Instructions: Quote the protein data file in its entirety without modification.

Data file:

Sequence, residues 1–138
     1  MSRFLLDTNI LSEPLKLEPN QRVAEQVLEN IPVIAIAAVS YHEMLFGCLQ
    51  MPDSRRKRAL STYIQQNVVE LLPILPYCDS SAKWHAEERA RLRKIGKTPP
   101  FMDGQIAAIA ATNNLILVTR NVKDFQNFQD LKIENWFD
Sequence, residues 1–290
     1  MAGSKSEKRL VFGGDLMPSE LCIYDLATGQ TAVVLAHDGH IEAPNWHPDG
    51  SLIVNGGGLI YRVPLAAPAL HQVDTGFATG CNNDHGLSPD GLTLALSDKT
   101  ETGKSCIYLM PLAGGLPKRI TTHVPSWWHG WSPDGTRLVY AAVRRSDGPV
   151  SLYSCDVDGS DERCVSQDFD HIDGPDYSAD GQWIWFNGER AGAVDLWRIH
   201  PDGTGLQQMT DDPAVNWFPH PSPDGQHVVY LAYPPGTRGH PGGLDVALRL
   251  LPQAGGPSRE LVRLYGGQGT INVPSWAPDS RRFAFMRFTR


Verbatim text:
Sequence, residues 1–138
     1  MSRFLLDTNI LSEPLKLEPN QRVAEQVLEN IPVIAIAAVS YHEMLFGCLQ
    51  MPDSRRKRAL STYIQQNVVE LLPILPYCDS SAKWHAEERA RLRKIGKTPP
   101  FMDGQIAAIA ATNNLILVTR NVKDFQNFQD LKIENWFD
Sequence, residues 1–290
     1  MAGSKSEKRL VFGGDLMPSE LCIYDLATGQ TAVVLAHDGH IEAPNWHPDG
    51  SLIVNGGGLI YRVPLAAPAL HQVDTGFATG CNNDHGLSPD GLTLALSDKT
   101  ETGKSCIYLM PLAGGLPKRI TTHVPSWWHG WSPDGTRLVY AAVRRSDGPV
   151  SLYSCDVDGS DERCVSQDFD HIDGPDYSAD GQWIWFNGER AGAVDLWRIH
   201  PDGTGLQQMT DDPAVNWFPH PSPDGQHVVY LAYPPGTRGH PGGLDVALRL
   251  LPQAGGPSRE LVRLYGGQGT INVPSWAPDS RRFAFMRFTR